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My Cat Ate String but Is Acting Normal, What Should I Do?

Kit Copson

By Kit Copson

Cat string play

No matter how much we spend on toys for our cats, in their eyes, you just can’t beat a simple piece of string. String is commonly found in many homes and often as part of commercially sold cat toys, so it’s really easy for cats to get hold of. Cats love playing with string as it appeals to their chasing and hunting instincts but if they ingest it, it can cause some serious problems.

If your cat has swallowed string but is acting normally, we would recommend having them checked over by a vet anyway to be on the safe side. Read on to find out why string can be dangerous for cats.

hepper cat paw divider

Why Is String Dangerous for Cats?

If swallowed, string can get stuck in the stomach and cause a blockage because it can’t be easily digested. Once the string reaches the intestines, it will cause the intestines to “bunch up” because they’re unable to move the string along. The result of this bunching up of the gut is a bowel obstruction. String can also cause an obstruction in the mouth and throat which can result in the cat choking.

Moreover, if we factor in that string is sometimes attached to other objects like needles, it’s apparent that the dangers of letting cats play with string are simply too serious to ignore. All of the said situations can be life-threatening if not dealt with quickly.

Image Credit: Tony Campbell, Shutterstock

What Should I Do if My Cat Has Eaten String?

If your cat has eaten string, the first thing you need to do is take away any string they’re playing with to prevent them from eating any more of it, then contact your vet as soon as you can, even if your cat seems fine. Your vet will likely ask you to bring your cat in for an examination.

Try to ascertain what exactly your cat ate (string, ribbon, etc.) and when as this information could help your vet get to the bottom of the situation more quickly. Even if you only suspect that your cat has eaten string or something similar, it’s best to let your vet know—it’s always better to be safe rather than sorry.

If you see a piece of string hanging out of your cat’s mouth or rear end, though it’s understandable that your instinct would be to pull it out, you should absolutely not pull on that piece of string. Pulling on string lodged in your cat’s body could damage their intestines, stomach, or throat, making the situation much worse.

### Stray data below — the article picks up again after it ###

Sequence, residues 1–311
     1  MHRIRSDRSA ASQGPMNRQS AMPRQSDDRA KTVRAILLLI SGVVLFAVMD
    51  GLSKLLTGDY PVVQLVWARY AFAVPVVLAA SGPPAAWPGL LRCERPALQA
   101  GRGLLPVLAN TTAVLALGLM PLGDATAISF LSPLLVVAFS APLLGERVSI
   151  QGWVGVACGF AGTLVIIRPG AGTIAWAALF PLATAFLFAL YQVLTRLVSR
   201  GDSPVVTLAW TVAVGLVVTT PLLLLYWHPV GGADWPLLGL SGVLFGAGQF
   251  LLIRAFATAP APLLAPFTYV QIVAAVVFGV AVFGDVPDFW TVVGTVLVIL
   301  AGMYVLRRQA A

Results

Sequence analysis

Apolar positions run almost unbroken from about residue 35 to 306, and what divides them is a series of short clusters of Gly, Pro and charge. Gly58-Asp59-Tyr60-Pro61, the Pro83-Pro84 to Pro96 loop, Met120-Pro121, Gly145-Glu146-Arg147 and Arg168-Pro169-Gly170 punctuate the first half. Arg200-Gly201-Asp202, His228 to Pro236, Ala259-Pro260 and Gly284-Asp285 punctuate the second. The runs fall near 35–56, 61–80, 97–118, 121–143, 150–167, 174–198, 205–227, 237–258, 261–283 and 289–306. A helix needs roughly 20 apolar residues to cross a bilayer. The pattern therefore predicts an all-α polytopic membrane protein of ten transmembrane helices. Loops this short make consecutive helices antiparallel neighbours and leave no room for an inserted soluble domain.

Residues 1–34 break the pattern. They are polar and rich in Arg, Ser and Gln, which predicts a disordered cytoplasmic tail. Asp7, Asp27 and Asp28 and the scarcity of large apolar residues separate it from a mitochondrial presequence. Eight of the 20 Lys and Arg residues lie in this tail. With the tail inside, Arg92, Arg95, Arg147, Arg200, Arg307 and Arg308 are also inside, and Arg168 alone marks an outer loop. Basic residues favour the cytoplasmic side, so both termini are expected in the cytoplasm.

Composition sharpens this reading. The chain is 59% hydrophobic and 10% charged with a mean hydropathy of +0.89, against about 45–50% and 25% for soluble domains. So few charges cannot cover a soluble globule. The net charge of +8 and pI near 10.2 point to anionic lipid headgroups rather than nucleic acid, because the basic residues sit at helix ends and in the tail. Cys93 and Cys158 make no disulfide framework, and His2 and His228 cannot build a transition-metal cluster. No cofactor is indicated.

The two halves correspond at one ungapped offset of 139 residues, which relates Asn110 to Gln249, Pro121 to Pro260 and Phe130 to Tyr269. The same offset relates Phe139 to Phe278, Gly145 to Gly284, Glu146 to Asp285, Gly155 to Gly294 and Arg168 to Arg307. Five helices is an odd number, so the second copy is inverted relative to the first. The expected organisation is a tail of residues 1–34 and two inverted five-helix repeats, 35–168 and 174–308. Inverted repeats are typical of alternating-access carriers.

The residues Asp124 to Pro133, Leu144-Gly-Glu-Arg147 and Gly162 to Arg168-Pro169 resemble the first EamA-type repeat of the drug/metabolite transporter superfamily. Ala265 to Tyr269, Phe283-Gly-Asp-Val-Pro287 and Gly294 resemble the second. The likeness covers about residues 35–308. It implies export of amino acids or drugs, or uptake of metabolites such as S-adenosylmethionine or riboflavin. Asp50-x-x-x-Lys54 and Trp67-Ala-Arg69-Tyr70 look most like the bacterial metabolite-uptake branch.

Symptoms of Swallowed String

The symptoms of swallowed string can vary depending on the string’s location in the body. Here are some potential signs to keep an eye out for:

String in the Mouth or Throat

  • String hanging out of the mouth
  • Choking
  • Retching
  • Pawing at the mouth
cat choking
Image Credit: Santa3, Pixabay

String in the Stomach

  • Appetite loss
  • Not eating at all
  • Lethargy
  • Vomiting
  • Reluctance to be picked up (due to abdominal pain)
  • Hiding
  • Bloody diarrhea

String in the Intestines

  • Lethargy
  • Reluctance to be touched on the stomach
  • Vomiting
  • Diarrhea

What’s the Treatment for Swallowed String?

In some cases, the string will be passed in a bowel movement within 2–5 days if the cat is lucky. If treatment isn’t sought, cats with string stuck in their bodies can develop sepsis and peritonitis, which is life-threatening. This is why it’s so important to get treatment for your cat as early as possible instead of just waiting it out.

If your cat has swallowed string, your vet will either remove it under anesthesia (string stuck in the mouth) or by performing surgery (string stuck in the stomach or intestines). The further down in your cat’s body the string is, the more complicated it is for the vet to remove it.

If the string is in the stomach, the surgery is pretty simple, but if the string is in the intestines, it’s far more complex and the recovery time is longer.

hepper cat paw divider


Again, if your cat has swallowed string but seems completely normal, it’s best not to take this for granted as the situation could still progress and become dangerous. Give your vet a call and follow their advice.

Luckily, many cats recover and go back to normal after treatment, but if the cat is left too long without treatment, the chances of recovery become slimmer, so stay on the safe side and get your cat checked out.

Featured Image Credit: Snake44, Shutterstock

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